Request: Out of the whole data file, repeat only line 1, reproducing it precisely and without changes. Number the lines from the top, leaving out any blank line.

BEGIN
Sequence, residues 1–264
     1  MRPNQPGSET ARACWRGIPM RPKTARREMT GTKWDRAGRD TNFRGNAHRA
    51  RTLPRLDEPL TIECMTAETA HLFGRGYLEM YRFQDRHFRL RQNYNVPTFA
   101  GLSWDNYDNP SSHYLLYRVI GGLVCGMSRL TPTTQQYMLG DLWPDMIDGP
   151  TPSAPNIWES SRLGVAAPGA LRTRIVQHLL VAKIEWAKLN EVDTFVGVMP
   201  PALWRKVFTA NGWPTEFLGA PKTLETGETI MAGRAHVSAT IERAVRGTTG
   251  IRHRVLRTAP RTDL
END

Sequence, residues 1–264